Fill-a-pix is a logic puzzle game similar to Pic-a-Pix (aka Logic art) and Minesweeper. An example starting board is shown below on the left with the completed board shown to its right. Each number in the board indicates how many surrounding cells, including itself, are to be filled in. There are (up to) nine total cells associated with each number: four immediately adjacent (up, down, left, and right), four diagonally adjacent (one touching each corner), and the central cell (where the number is located).
Based on this logic, all 0's and 9's are determinant, as all nine cells are either empty or filled, respectively, for these numbers. Also, all 6's on the board edges and 4's in the corners should be completely filled in, as they only involve 6 or 4 cells, respectively.
This problem deals with basic-logic Fill-a-pix problems; a sample step-by-step solution is found here. These problems are basic in that each clue can be solved independent of all other clues, though some looping or iteration over the board will be required to solve all the clues. Basic logic can be summarized in the following two cases, regarding the cells associated with each clue: (1) if the sum of filled-in cells equals the clue, all other associated cells should be marked as empty, and (2) if the sum of empty cells equals the total number of associated cells minus the clue, all other associated cells should be marked as filled in.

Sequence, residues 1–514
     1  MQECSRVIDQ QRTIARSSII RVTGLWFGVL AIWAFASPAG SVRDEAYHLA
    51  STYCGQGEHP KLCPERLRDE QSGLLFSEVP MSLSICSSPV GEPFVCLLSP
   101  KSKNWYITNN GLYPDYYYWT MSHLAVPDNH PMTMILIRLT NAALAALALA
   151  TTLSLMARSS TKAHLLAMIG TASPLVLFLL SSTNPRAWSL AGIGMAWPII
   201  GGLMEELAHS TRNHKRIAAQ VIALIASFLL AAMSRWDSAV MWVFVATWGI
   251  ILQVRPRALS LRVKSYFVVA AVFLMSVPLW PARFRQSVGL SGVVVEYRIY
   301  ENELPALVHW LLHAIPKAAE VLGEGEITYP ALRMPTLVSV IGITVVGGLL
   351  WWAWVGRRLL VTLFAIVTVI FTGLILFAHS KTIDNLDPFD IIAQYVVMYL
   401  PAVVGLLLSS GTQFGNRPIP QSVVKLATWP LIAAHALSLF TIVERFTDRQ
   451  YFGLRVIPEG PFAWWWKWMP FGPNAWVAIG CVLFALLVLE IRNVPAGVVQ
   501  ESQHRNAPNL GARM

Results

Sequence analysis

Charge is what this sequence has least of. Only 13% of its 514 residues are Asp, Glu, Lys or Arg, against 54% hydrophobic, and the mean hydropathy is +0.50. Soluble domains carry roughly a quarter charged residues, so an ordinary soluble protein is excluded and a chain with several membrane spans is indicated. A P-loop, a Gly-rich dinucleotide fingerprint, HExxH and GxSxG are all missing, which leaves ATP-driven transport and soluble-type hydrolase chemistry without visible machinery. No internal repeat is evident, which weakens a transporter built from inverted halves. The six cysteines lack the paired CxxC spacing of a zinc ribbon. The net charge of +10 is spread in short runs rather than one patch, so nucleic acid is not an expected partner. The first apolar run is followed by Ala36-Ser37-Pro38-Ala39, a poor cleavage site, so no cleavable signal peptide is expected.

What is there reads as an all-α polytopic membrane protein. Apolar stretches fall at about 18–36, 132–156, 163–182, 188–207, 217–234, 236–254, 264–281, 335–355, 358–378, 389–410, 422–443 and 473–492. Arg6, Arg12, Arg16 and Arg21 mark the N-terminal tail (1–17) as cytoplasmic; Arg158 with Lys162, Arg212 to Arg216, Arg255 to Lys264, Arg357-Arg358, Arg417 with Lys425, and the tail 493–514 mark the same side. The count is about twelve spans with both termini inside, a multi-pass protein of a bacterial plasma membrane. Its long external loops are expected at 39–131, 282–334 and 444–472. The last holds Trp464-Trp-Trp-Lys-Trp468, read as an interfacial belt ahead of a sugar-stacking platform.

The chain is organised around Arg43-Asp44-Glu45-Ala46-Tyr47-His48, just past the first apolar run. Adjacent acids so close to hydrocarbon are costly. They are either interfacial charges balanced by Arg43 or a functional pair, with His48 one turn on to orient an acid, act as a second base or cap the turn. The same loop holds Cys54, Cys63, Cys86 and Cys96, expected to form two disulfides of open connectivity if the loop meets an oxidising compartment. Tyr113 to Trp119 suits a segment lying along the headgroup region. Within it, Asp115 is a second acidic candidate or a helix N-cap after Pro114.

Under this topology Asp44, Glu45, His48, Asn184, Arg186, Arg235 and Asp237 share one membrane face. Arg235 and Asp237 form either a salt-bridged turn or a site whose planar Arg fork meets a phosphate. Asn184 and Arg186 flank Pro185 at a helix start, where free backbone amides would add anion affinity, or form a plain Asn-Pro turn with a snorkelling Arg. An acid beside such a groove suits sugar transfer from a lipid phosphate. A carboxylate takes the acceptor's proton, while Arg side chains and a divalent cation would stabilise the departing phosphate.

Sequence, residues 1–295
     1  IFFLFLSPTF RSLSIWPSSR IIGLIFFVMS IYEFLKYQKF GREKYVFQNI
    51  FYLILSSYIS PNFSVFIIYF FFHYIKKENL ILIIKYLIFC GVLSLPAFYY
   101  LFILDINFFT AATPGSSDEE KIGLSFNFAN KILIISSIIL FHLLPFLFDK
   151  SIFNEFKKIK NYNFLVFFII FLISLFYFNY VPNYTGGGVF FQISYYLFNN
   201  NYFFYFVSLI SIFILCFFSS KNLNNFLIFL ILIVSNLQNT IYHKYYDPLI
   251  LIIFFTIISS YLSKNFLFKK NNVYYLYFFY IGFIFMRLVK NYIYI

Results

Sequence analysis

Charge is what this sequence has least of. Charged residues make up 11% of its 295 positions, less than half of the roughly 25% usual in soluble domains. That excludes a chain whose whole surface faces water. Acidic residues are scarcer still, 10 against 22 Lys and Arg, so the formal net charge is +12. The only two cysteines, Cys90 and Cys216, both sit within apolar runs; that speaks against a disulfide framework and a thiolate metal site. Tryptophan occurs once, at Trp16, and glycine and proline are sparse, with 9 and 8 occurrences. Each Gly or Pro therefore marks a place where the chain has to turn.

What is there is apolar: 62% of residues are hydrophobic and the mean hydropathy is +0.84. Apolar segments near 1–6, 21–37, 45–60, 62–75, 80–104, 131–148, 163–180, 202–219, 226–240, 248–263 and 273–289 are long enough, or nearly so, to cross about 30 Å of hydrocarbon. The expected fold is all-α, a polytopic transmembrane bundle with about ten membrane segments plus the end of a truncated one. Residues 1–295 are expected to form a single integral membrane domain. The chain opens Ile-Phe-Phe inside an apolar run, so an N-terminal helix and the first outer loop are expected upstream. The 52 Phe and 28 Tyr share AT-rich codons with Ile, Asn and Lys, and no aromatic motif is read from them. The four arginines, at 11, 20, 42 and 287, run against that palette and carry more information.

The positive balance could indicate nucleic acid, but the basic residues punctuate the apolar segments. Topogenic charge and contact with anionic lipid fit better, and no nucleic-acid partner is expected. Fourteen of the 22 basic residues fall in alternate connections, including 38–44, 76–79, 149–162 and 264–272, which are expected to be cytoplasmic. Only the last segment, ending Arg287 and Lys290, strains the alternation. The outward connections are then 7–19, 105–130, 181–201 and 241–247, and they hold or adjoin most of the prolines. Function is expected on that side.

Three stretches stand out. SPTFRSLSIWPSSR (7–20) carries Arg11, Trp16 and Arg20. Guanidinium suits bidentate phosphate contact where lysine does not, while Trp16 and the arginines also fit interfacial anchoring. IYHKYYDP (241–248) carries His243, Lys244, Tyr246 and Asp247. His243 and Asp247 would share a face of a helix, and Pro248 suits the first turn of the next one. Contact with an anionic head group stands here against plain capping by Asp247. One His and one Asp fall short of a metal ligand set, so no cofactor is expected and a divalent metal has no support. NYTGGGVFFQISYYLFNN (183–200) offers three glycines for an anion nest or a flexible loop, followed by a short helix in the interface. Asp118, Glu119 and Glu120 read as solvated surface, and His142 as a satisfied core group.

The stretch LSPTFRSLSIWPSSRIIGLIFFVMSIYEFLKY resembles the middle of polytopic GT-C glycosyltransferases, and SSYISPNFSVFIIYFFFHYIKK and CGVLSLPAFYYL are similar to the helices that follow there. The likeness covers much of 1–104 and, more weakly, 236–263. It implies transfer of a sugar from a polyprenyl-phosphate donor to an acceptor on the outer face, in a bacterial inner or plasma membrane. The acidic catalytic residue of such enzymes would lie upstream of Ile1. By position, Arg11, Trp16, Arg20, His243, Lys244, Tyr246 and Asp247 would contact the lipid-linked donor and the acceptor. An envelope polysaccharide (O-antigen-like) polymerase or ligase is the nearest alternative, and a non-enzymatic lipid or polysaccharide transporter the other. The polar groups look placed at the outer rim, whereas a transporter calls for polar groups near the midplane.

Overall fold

For this problem, you will be presented with a board full of clues. Write a function to solve the Fill-a-pix puzzle based on those clues, returning a solution of the same size as the board filled with 1's (filled) and 0's (empty).
A related problem is Fill-a-pix - Solution Checker.
Nan or -1 (test 5) for non clue cells ?
Thanks for the catch. I've updated that test case.
Now, the biggie. Implement a solver for advanced FAP. I never managed to create one that worked on all problems.
I was working on it last night, but it's tabled for now. I can't quite figure out how to solve the advanced logic portion that propagates along adjacent clues (including diagonal) to solve cells outside of that clue's reach.
Good problem but too difficult for a first contact. Maybe a first basic problem with small boards and/or clear cues (0/9). And after only, a more difficult one.
If anyone is interested more in these games, I've made quite a few of them on Sporcle.com. for the first of four Fill-a-pix (aka, mosaic logic puzzle) playlists.
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Side of an equilateral triangle
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